“Well, we can’t give it to you.”

I said, “Oh, so you think I’m just going to just give you my credit card number right now and pay 400 bucks for something that you can’t even show me I even used.”

MS. SINGLETARY:  And that’s not true either.  They have to prove it.  If you ask for the proof, they have to show it to you, and you have to be – you know, be vigilant and say, “This is not my debt.  Where’s the proof?”  And they have to provide the proof.

And also, here’s the other thing.  Debt is being sold, and then some people pass away.  You’re not obligated to pay debt of someone who passed away.  That’s another trick of the trade.

MR. MARTIN:  Really?

MS. SINGLETARY:  Yeah.  Your mom passes away.  Your brother – this happened to my brother.  My brother died from epilepsy, and he had some debt – not a lot.  And they called me; and I was, you know, helping him.  They said, “Well, you need to pay his debt.”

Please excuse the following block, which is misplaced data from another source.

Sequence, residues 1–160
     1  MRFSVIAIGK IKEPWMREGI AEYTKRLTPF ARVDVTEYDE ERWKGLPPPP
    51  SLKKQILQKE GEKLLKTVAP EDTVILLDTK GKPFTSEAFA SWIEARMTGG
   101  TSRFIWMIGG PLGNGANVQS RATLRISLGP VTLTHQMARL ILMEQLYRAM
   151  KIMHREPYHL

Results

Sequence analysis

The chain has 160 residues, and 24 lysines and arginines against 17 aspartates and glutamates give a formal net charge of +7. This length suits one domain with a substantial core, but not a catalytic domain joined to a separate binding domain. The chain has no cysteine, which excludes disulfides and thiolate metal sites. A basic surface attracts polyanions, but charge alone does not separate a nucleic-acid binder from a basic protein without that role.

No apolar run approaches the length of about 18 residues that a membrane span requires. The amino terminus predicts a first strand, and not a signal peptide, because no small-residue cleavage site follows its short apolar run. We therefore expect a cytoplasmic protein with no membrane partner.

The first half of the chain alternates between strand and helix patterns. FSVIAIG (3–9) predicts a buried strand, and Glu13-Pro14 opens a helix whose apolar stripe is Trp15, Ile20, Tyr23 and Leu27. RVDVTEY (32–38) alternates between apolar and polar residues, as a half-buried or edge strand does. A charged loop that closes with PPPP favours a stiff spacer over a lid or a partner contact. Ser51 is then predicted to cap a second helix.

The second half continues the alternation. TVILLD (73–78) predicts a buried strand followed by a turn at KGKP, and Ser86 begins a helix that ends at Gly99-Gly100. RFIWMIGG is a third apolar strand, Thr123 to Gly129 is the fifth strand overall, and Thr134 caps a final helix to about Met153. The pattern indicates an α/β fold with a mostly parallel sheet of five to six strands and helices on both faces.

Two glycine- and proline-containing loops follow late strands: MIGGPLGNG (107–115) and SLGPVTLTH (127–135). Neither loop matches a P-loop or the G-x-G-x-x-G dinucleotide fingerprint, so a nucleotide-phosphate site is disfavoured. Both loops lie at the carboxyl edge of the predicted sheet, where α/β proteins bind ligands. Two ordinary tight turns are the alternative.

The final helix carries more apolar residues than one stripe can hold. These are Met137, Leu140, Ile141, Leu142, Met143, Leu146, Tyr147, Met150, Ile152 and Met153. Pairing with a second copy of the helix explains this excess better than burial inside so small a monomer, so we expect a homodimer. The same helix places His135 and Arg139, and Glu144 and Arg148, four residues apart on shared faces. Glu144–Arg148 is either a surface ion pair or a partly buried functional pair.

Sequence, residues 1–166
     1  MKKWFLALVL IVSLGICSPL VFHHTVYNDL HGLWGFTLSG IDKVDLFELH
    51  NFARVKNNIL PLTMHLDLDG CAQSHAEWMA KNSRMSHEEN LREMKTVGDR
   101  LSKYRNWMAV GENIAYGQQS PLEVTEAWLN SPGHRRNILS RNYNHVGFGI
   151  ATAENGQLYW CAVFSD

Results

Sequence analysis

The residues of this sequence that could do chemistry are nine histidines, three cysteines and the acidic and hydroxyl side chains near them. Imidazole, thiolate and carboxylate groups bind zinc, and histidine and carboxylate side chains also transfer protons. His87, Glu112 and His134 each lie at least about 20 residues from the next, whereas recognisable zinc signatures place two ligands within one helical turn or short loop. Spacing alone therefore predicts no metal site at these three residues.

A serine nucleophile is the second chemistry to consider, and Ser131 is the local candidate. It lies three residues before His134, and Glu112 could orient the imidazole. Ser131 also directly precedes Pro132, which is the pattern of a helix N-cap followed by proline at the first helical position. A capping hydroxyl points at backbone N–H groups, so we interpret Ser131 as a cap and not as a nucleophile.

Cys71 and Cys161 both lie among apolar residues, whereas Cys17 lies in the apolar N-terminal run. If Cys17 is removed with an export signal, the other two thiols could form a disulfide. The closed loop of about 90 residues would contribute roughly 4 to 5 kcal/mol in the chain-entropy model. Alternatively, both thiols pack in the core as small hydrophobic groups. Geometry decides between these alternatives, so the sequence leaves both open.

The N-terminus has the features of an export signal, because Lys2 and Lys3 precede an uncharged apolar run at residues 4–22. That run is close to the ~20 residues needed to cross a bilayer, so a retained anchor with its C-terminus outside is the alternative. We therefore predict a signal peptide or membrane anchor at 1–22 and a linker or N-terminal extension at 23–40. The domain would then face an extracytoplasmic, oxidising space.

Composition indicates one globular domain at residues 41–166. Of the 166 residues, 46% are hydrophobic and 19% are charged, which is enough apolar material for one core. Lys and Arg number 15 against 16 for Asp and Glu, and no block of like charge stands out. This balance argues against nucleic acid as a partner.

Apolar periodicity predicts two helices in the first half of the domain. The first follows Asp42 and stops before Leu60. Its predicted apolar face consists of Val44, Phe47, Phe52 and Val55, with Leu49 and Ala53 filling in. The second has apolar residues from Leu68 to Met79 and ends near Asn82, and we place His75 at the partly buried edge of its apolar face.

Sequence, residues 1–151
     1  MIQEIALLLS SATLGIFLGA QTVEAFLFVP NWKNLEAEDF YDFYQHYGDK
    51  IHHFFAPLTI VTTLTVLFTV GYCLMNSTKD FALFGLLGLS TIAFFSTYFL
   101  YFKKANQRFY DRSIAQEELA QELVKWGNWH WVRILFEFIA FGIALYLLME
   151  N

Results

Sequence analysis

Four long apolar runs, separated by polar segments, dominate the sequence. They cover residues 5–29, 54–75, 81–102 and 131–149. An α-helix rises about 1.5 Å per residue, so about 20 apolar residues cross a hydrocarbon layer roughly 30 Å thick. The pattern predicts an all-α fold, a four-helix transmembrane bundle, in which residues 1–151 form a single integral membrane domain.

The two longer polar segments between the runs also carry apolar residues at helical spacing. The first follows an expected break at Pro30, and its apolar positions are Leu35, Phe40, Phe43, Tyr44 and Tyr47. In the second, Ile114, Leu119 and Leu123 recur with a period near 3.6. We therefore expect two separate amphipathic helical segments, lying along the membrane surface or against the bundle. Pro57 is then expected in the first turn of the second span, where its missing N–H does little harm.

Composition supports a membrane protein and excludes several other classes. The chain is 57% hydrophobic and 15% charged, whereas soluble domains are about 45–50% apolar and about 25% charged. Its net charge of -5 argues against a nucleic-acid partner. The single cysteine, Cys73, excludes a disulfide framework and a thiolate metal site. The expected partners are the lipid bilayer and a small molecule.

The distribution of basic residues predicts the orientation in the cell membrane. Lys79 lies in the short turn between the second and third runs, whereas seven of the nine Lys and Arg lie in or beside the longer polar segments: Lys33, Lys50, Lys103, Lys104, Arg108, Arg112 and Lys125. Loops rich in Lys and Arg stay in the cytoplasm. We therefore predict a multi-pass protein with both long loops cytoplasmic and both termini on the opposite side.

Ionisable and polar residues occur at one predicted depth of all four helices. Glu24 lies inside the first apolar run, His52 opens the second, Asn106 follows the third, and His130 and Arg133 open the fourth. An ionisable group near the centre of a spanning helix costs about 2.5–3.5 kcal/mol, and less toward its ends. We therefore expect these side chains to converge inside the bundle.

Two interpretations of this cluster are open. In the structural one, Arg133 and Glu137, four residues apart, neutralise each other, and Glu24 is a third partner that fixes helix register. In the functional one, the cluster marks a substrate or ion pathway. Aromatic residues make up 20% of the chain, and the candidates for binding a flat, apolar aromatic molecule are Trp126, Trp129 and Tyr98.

And I was like, “You don’t” [chuckles] – “You are sadly mistaken.  I’m not his” – “This is not by debt.”

And they tried to, “Oh, well, don’t you want to do this?”

MR. MARTIN:  Right.

MS. SINGLETARY:  And they try to, you know, get you to pay it when you’re not obligated.

So, you[’ve] got to know your rights.  The FTC’s website is phenomenal in terms of all the information –

MR. MARTIN:  Ftc.gov?

MS. SINGLETARY:  — ftc.gov – Federal Trade Commission.  Just type in “credit reports FTC.”  It has a lot of information.  It’ll walk you through everything.

The important thing is know what’s in your credit report!  Every year, you ought to pull all three you ought to pull all three of your credit reports from annualcreditreport.com.  It’s the only official site

MR. MARTIN:  Allows you to get one for free – correct?

MS. SINGLETARY:  — for free.  Each credit report –

MR. MARTIN:  Annualcreditreport.com.

MS. SINGLETARY:  — every – yeah.

MR. MARTIN:  All right, Michelle.  We appreciate it.

MS. SINGLETARY:  You’re welcome!

MR. MARTIN:  Thanks a bunch.